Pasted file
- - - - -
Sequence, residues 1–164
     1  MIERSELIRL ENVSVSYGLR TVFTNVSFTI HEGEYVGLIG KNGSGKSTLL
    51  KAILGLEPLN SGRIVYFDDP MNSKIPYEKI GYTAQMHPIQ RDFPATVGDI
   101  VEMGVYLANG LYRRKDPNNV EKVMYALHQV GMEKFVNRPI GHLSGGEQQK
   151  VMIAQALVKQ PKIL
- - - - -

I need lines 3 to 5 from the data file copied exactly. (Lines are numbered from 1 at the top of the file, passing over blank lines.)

    51  KAILGLEPLN SGRIVYFDDP MNSKIPYEKI GYTAQMHPIQ RDFPATVGDI
   101  VEMGVYLANG LYRRKDPNNV EKVMYALHQV GMEKFVNRPI GHLSGGEQQK
   151  VMIAQALVKQ PKIL